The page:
Spotlight on Gold Recycling
Chapter 1 - Introduction
- Old scrap accounted for a substantial 28% of total gold supply in the period 2010-21.
- While large in scale, scrap is very much the dependent variable and exerts little impact on the international gold price, although it can notably affect local prices.
- Old jewellery accounts for well over 90% of total scrap, with emerging markets in turn accounting for around 70% of that.
Gold is unusual as a commodity in that it has very little true consumption; the vast bulk of what has been mined sits above ground in various forms with the potential to return to the market.
Disinvestment is one such avenue, but this article covers the often-larger area of recycling (or scrap). This has been done to assess the importance of recycling to the broader bullion market (which necessitates a tight definition of scrap - see chapter 2) and to shine a light on to what can be one of the more opaque areas of the supply/demand balance.
Recycling should have the potential to exert a notable impact on the gold market in that, since 2010, it has accounted for 28% of total gold supply on average. However, analysis points to scrap being very strongly influenced by the gold price and is very much the dependent variable. For scrap to turn the table and actively impact the international gold price, economic distress would have to be severe and global but not trigger a countervailing boom in safe-haven-motivated investment demand. That said, surging scrap can often push local markets to a discount to the world price, although that typically also requires demand within a country at the same time to be very weak.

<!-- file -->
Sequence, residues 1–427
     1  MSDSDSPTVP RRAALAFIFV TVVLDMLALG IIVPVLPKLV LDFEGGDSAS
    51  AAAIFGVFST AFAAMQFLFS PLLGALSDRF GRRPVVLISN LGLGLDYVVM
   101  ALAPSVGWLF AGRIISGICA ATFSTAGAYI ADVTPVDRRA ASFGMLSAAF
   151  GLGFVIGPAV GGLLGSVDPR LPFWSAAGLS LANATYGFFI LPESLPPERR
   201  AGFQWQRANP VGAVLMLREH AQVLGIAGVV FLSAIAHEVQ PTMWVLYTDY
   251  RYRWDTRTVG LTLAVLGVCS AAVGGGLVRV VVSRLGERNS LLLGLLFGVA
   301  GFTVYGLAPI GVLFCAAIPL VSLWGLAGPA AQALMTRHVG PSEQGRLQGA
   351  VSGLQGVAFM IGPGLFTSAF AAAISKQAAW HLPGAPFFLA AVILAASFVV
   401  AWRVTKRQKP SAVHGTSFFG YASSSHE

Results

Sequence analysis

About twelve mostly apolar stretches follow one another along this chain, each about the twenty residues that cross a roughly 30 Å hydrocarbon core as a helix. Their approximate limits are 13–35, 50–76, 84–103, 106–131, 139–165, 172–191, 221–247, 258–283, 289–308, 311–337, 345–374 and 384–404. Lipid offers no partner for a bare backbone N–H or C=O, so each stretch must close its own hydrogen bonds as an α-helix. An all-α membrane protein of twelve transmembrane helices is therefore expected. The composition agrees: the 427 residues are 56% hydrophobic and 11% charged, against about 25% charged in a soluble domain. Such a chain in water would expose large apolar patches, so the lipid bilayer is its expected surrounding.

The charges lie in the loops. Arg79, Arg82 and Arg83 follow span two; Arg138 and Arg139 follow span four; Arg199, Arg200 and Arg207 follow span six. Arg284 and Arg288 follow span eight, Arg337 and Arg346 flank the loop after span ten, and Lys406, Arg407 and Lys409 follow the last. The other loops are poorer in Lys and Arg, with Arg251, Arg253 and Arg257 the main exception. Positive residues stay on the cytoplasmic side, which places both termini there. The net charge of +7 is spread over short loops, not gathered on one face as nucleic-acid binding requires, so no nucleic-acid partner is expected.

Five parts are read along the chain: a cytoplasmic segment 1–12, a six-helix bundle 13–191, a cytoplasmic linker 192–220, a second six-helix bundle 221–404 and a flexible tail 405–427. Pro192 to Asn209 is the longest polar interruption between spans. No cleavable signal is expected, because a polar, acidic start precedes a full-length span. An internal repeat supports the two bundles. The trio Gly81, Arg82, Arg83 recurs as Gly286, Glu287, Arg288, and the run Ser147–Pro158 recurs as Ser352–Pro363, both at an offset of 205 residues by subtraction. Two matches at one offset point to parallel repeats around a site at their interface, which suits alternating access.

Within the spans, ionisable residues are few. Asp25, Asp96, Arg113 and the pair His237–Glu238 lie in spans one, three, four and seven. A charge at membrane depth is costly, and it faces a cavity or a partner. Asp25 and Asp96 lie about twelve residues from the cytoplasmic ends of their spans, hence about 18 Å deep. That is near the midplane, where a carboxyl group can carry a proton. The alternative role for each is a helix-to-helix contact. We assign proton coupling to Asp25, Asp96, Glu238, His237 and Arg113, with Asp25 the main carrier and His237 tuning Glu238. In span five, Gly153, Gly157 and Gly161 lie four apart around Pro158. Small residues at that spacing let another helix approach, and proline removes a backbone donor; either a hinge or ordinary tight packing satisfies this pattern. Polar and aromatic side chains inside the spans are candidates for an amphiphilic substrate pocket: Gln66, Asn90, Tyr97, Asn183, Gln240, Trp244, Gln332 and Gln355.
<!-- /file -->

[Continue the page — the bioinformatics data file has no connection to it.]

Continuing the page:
A key reason why price is important is that the vast majority (well over 90%) of recycling is from jewellery and of this, around 70% comes from the price sensitive jewellery markets of emerging economies. Within this latter group, India and China generate the most recycling unsurprisingly, but there are another five of historical significance (over 60t in one year) – namely Turkey, Iran, Iraq, Egypt and Thailand. That said, the industrialised world used to be more important, contributing 43% of the total during the period 2010-13, when the cash-for-gold business was at its peak.
Gold Recycling and the Gold Price
Source: Metals Focus
A key determinant of each country’s importance is the pool of jewellery, a volume equal to a country’s cumulative jewellery consumption less its scrap (globally, this stock is estimated at around 90,000t). Western countries’ share of this pool is higher than their share of consumption today due to the bloc’s demand being higher relatively in previous decades. However, emerging markets ‘fight back’ in that their dominant low margin, high carat jewellery has a far greater propensity to be scrapped than high margin, gemset and branded items. The pool derived from other areas of fabrication (such as dental) is more theoretical in nature as little is properly available to the bullion market.
There are two main flows for the recycling of gold. The first concerns high grade – material that is at least 40% gold (often much higher) and overwhelmingly sourced from jewellery. As a relatively simple material to refine, and as finance and security matter, much of this is refined in the country of generation and, if not, the metal is often air freighted. The second concerns low grade – material that might only be 1-2% gold (if not much lower, and is sourced from all areas of fabrication, which means other precious metals may well be present). As security and financing are less of a concern here and the material is much more complex to refine, the recovery of metal from this source occurs in smaller number of countries, many of whom receive their feed as ship-freighted imports.
Recycling: Quarterly Volumes & the Gold Price
Source: Metals Focus